In summary, the EA comprises a complex system of multiple subdivisions with a close crucial pharmacological relationship, which makes this area a valuble target for investigating pathophysiological pathways and pharmacological approaches.

4. Huntington Disease

HD is a hereditary neurodegenerative disorder caused by a cytosine-adenine-guanine (CAG) repeat expansion in exon 1 of the huntingtin gene (HTT), (Huntington´s Disease Collaborative Research Group, 1993). Patients with 36 to 39 CAG repeats have an increasing risk to develop HD, repeats of 40 and more will always lead to the disorder within a normal lifespan (Bates, 2003). The mean age of onset is around 35-50 years with marked individual variations; the duration is around 15-20 years with no differences between the sexes (Hayden, 1981). The most characteristic brain pathology is the atrophy of the caudate nucleus and putamen, which is accompanied by a secondary enlargement of the lateral ventricles (Roos et al., 1985; Vonsattel et al., 1985). The striatal atrophy is due to the progressive loss of medium-sized GABAergic striatal neurons (Heinsen et al., 1994), which comprise approximately 90% of all neurons in the striatum. Cortical, subcortical and brainstem areas with grey and white matter changes are also affected (de la Monte et al., 1988; Dumas et al., 2012; Heinsen et al., 1996; Heinsen et al., 1999; Rosas et al., 2003; Rüb et al., 2009; Schmitz et al. 1999; Tabrizi et al., 2011). Up to now, there is no cure for HD.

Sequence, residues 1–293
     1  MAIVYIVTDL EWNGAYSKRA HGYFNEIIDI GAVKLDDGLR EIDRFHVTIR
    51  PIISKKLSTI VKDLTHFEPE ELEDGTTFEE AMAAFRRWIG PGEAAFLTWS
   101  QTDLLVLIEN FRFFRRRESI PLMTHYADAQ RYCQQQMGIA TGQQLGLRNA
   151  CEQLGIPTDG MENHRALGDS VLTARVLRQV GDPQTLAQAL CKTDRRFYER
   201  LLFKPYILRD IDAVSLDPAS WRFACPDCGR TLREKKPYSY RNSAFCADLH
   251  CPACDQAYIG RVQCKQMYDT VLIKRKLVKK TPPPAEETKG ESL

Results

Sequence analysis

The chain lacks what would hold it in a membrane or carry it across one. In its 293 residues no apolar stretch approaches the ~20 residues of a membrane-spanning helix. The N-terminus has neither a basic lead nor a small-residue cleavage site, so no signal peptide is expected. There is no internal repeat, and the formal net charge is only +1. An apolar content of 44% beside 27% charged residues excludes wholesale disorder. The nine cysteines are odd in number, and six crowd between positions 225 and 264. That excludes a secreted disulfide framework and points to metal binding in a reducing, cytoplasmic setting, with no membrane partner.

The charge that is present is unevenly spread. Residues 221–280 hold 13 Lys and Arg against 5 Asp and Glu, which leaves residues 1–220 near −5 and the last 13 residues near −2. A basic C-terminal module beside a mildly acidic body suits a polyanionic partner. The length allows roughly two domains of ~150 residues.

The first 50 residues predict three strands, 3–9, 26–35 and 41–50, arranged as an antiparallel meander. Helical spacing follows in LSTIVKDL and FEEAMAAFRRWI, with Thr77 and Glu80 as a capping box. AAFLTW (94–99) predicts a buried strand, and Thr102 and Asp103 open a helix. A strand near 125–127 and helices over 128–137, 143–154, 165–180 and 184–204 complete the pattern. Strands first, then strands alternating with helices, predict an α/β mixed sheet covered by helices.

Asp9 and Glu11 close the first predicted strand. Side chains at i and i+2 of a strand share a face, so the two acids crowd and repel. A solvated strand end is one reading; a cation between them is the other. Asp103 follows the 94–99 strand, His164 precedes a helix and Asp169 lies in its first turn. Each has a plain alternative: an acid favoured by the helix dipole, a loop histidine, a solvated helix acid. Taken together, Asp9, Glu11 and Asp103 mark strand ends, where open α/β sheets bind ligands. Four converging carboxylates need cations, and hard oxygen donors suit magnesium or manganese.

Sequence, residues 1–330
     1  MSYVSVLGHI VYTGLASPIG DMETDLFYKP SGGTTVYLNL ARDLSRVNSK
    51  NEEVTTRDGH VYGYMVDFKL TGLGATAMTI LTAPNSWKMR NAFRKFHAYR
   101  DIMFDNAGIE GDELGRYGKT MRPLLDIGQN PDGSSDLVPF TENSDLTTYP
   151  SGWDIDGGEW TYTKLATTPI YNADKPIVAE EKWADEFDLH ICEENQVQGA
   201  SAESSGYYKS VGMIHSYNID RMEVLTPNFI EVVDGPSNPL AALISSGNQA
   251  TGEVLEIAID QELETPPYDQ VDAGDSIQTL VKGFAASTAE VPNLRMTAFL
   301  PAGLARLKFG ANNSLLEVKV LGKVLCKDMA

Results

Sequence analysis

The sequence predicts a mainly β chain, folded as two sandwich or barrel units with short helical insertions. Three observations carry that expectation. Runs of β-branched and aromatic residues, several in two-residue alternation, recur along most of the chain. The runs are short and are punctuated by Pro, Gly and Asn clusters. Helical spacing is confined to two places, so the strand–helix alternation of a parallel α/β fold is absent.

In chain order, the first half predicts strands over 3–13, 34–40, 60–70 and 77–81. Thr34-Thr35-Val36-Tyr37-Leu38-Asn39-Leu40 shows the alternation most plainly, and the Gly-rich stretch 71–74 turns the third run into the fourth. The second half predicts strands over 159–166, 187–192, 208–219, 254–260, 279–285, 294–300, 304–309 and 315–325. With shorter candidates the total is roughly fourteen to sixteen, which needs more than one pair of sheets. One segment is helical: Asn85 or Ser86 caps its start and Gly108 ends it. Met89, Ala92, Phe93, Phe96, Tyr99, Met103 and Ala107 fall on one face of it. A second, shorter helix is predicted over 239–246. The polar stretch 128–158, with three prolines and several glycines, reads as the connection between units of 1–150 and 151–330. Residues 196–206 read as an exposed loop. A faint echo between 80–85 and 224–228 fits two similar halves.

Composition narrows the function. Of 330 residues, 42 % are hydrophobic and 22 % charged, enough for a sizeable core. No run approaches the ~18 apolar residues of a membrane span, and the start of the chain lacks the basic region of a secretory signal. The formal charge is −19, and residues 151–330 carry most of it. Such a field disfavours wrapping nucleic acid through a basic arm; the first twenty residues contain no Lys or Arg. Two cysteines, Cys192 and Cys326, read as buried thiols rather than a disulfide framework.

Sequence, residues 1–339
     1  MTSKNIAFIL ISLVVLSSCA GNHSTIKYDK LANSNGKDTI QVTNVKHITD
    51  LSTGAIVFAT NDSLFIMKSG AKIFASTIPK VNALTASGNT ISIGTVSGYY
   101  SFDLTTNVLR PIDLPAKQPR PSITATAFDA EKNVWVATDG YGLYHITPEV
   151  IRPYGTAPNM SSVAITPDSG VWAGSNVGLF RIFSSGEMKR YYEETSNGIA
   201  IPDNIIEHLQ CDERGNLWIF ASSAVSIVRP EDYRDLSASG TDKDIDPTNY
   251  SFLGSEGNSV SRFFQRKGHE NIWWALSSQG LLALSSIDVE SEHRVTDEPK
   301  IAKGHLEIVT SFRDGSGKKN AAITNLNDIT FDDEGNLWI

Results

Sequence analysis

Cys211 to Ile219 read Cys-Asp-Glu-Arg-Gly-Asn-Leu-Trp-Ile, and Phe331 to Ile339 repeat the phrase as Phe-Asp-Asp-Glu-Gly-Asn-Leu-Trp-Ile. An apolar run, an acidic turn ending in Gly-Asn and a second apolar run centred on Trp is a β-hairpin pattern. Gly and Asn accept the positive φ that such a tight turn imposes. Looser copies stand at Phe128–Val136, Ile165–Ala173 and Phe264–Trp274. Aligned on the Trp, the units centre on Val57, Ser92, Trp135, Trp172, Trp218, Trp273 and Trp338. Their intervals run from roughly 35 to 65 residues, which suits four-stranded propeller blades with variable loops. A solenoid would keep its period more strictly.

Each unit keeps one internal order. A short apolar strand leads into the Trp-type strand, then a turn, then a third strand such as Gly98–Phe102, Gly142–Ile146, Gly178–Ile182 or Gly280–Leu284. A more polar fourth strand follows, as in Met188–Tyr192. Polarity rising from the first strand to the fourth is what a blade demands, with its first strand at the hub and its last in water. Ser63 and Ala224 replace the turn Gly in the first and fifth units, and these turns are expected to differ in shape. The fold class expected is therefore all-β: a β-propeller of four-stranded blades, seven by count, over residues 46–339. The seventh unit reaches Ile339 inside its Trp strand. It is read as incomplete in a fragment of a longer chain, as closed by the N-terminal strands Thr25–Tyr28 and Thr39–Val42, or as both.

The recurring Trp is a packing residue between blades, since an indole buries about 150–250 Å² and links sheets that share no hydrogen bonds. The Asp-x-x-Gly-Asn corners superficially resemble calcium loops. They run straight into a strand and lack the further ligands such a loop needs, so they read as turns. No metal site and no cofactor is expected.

Histopathological hallmark is the accumulation of htt aggregates in affected brains (Difiglia et al., 1997; Gutekunst et al., 1999; Maat-Schiemann, 2007) which can be identified by immunohistochemistry with the so-called EM48, a widely used antibody which specifically detects N-terminal htt aggregates in brains of HD individuals and HD animal models (Gutekunst et al., 1999; Hodgson et al., 1999; Li et al., 1999; 2001; Nguyen et al., 2006; von Hörsten et al., 2003). The role of htt aggregates and neurodegeneration is still controversial. They may be toxic by a direct influence on cellular processing (Bates, 2003) or, conversely, could also be neuroprotective by sequestering toxic fragments into an insoluble form in order to prevent them from interacting with key cellular proteins (Arrasate et al., 2004).